According to the survey results, the overall satisfaction rate of the 16th question was 3.67 on average. These rates were determined as 3.85 in term I, 3.54 in term II and 3.66 in term III students. Four (2.4%) of the students answered as “Not satisfied at all”, 7 (4.4%) as “Not Satisfied”, 48 (30.4%) as “Uncertain”, 77 (48.7%) as “Satisfied” and 22 (13.9%) as “Very satisfied”.

There was also no significant difference between term I, II and III in terms of PBL satisfaction rates (P≥0.05) (Table 2).

In the evaluation of the findings, the ratio of the students who chose the “Agree” and “Absolutely agree” categories to the study group was calculated and accepted as the student level with positive opinion, in addition to the average scores calculated for each item. “Disagree” and “Strongly disagree” answers were also rated as negative views. The “Uncertain” answer was not taken as a positive or negative opinion.

In this case, as the highest average, 134 students (83.7%) expressed a positive opinion on the proposition “Participants in PBL sessions always treat the group with respect”, while 9 students (5.7%) expressed a negative opinion and the average  was determined as 4.19 with the “Uncertain” responses. As the lowest average, 94 students (59.5%) expressed a positive opinion on the proposition “PBL session routers help to discuss all aspects of the issues”, while 26 students (16.5%) expressed a negative opinion, and the average  was determined as 3.57 with the “Uncertain” responses. The answers to all questions and their rates are given in the Table (Table 3).

Some of the students wrote answer and expressed their views for the open-ended question “Is there anything else you want to add?”. Some of these were: “The efficiency I got from PBL sessions varies according to the session router and the students involved”, ”The knowledge gained through the PBL sessions has had a positive impact on my learning life”, ”While some of the session routers were willing, some were unwilling and not motivating”, and “The evaluations of the routers were not objective”.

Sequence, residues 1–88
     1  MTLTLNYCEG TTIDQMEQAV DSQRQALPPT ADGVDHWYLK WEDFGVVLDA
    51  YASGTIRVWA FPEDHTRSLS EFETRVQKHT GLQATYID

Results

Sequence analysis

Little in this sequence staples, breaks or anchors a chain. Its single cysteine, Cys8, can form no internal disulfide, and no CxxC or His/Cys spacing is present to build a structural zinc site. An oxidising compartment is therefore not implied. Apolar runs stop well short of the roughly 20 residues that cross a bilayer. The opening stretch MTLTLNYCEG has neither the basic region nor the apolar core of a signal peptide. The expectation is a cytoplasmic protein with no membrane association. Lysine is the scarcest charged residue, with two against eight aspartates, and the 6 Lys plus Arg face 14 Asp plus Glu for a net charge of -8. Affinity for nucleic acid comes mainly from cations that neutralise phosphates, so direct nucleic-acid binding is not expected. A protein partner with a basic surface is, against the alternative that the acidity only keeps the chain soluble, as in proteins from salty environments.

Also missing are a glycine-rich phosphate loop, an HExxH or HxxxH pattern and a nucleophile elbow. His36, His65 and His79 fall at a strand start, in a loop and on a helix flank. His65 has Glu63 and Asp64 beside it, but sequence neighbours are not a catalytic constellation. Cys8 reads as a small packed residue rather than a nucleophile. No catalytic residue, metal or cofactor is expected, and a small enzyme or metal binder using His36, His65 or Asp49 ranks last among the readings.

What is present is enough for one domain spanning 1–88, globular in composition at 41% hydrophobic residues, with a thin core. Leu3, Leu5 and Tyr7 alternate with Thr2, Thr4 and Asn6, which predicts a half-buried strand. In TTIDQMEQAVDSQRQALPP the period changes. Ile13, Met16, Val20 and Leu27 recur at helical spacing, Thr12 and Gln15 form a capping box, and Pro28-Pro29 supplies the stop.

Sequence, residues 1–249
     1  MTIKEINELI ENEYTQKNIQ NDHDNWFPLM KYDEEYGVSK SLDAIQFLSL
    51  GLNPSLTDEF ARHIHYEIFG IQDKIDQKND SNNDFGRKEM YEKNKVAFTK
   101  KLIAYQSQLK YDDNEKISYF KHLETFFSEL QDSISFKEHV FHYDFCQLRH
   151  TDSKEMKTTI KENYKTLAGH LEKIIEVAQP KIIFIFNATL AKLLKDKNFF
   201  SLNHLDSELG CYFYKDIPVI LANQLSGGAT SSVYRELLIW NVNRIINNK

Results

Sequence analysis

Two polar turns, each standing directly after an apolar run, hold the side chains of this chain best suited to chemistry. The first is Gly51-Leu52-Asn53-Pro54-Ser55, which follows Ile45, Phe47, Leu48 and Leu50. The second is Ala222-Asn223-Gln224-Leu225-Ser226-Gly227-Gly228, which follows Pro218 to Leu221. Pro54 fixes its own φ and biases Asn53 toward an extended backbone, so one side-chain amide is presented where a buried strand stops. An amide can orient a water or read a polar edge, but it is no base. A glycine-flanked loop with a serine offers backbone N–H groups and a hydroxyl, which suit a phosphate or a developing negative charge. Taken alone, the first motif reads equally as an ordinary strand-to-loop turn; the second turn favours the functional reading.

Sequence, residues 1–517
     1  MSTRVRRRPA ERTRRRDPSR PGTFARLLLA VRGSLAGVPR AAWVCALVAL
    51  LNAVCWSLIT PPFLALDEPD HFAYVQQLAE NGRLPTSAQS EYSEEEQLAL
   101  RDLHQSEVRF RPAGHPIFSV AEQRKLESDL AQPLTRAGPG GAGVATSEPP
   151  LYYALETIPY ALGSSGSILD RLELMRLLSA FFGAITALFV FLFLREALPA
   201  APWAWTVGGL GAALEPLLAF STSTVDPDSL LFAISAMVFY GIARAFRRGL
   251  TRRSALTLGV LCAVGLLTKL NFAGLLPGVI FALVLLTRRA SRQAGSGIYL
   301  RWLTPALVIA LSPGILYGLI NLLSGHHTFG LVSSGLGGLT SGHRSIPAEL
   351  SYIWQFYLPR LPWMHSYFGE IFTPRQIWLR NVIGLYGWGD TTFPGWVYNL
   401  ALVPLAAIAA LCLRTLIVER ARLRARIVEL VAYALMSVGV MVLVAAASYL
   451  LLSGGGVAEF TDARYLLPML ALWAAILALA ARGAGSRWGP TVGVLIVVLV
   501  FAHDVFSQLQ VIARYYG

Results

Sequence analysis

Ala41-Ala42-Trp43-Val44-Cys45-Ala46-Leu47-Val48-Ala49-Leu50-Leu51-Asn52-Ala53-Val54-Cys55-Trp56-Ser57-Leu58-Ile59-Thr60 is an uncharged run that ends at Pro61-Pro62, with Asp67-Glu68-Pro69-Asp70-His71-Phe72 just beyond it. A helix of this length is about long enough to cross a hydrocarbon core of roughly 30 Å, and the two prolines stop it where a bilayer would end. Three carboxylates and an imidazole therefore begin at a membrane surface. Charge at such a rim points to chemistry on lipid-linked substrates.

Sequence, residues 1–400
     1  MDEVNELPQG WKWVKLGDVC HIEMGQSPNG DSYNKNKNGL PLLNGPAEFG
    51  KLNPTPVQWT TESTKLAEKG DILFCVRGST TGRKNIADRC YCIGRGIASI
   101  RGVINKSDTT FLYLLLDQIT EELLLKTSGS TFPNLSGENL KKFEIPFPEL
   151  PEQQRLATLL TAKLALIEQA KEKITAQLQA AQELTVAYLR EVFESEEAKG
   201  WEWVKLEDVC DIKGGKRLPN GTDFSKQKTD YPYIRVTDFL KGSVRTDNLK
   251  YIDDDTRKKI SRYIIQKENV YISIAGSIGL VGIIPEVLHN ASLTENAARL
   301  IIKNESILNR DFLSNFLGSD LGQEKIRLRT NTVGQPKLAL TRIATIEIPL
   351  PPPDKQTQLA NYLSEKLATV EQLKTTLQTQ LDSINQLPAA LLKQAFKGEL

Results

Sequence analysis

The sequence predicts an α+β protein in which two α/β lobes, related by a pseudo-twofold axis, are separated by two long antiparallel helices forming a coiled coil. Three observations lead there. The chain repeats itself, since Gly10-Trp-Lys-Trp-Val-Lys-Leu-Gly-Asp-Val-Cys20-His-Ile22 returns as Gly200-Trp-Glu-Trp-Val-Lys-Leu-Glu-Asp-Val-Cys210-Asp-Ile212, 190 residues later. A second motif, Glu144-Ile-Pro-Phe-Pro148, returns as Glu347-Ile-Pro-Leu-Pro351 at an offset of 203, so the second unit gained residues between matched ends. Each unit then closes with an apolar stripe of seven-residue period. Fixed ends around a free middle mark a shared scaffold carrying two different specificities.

It is suggested that PBL is much more motivating in solving theoretical or practical problems than a traditional flexible learning process. However, problems should be applied in a motivating and productive way that suits the students’ existing knowledge. In other words, the character of the problem should be able to positively influence the motivation of students to learn in PBL curricula (1).

As there are medical faculties in our country that carry out all education with PBL method, there are also models that are applied with a scenario within the committees as applied in our faculty. In a 2008 study, it was reported that PBL sessions were held in nearly half of the medical schools providing education in our country(4). However, it is a fact that there may be differences in this proportion with new medical schools, which are rapidly increasing in time today. Some new faculties have such applications due to the importance of interactive education and the appropriateness of student numbers, while some have canceled PBL due to high number of students. In the study conducted by Musal et al. at Dokuz Eylül University Faculty of Medicine (5), student opinions on the effectiveness of PBL were taken and the average scores were reported to be between 3.69-4.27 (maximum 5). Our average value of 3.67 was slightly lower than the value of that faculty, which applied PBL throughout its education, but it showed conformity.

Musal et al. contributed much to implementation of PBL in our country with their publications about processes of PBL programs and the role of router lecturers (6-8). They detailed how all phases of implementation should be planned, implemented and evaluated and they provided ease of application for other faculties. PBL applications in BVU Medical Faculty are also carried out in three sessions in one week term, in groups of 10 students, by the trained lecturers and students. In the survey we applied in the study, the proposition “PBL session routers help to discuss all aspects of the issues” was evaluated with average score of 3.57, the proposition “Session routers are prepared and willing” with average score of 3.68, and the proposition “I am satisfied with the attitude and attitude of the session lecturers” with average score of 3.90. In a PBL session, the router is inherently important. However, students who are used to classroom lessons want to get more information from the router and may feel that they are not being adequately supported. The fact that the majority of the answers to the open-ended question were related to routers also underlined the importance of routing in PBL.

Velipaşaoğlu and Musal completed scale development studies related to PBL process, functioning and achievements. By using this detailed scale, the studies will be more comprehensive and useful in measuring the efficiency of PBL (9).